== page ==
It is the duty of the elders and officers of the church to instruct

the people on this important matter, and to set things in order. As

laborers together with God, the officers of the church should be

sound upon this plainly revealed question. The ministers themselves

should be strict to carry out to the letter the injunctions of God’s

word. Those who hold positions of trust in the church should not

be negligent, but they should see that the members are faithful in

performing this duty.... Let the elders and officers of the church follow

the direction of the Sacred Word, and urge upon their members

the necessity of faithfulness in the payment of pledges, tithes, and

offerings.[5]

Teaching the Poor to Be Liberal

Frequently those who receive the truth are among the poor of

this world; but they should not make this an excuse for neglecting

those duties which devolve upon them in view of the precious light

they have received. They should not allow poverty to prevent them

from laying up a treasure in heaven. The blessings within reach

of the rich are also within their reach. If they are faithful in using

what little they do possess, their treasure in heaven will increase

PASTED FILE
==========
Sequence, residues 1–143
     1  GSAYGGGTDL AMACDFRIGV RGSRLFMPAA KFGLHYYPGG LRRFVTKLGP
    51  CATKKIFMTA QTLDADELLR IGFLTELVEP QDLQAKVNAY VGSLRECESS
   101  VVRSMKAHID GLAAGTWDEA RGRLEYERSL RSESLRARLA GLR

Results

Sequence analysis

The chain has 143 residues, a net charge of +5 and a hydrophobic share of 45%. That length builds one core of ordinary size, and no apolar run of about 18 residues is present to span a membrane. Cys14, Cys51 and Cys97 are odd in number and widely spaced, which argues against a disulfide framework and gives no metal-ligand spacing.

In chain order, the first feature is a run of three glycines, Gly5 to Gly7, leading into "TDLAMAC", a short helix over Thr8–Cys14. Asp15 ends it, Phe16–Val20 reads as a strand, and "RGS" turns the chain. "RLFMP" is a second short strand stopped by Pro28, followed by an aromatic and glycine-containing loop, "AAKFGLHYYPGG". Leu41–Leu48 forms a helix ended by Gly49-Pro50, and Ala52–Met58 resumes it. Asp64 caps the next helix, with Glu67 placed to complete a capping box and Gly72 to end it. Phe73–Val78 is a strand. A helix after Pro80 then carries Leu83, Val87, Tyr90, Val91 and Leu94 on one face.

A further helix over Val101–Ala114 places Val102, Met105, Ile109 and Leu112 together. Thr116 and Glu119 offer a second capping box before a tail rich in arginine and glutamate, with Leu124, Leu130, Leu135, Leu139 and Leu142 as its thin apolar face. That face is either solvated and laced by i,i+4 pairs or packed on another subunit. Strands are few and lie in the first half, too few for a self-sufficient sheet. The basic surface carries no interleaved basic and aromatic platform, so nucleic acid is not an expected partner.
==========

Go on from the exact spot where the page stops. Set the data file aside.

according to their fidelity. It is the motive with which they work, not the amount they do, that makes their offering valuable in the sight

of Heaven.[6]


[1] Ellen G. White, Counsels on Stewardship (Washington, D.C.: Review and Herald Pub. Assn., 1940), chap. 22.

[2] Ellen G. White, Testimonies for the Church (Mountain View, Calif.: Pacific Press Pub. Assn., 1948), vol. 9, pp. 250, 251, https://m.egwwritings.org/pl/book/115.1411#1412.

[3] Ellen G. White, Gospel Workers (Washington, D.C.: Review and Herald Pub. Assn., 1915), pp. 369-371, https://m.egwwritings.org/en/book/35.7#0.

[4] Ellen G. White, “Honesty Toward Men and Toward God,” Review and Herald Supplement, Dec. 1, 1896: https://m.egwwritings.org/en/book/821.15443.

[5] Ellen G. White, “The Duty of Paying Tithes and Offerings,” Review and Herald, Dec.17, 1889: https://m.egwwritings.org/en/book/821.10086

[6] E. G. White, Gospel Workers, p. 222.

Pull Quotes

The new converts should be fully enlightened as to their duty to return to the Lord His own.

Let the elders and officers of the church follow the direction of the Sacred Word, and urge upon their members the necessity of faithfulness in the payment of pledges, tithes, and offerings.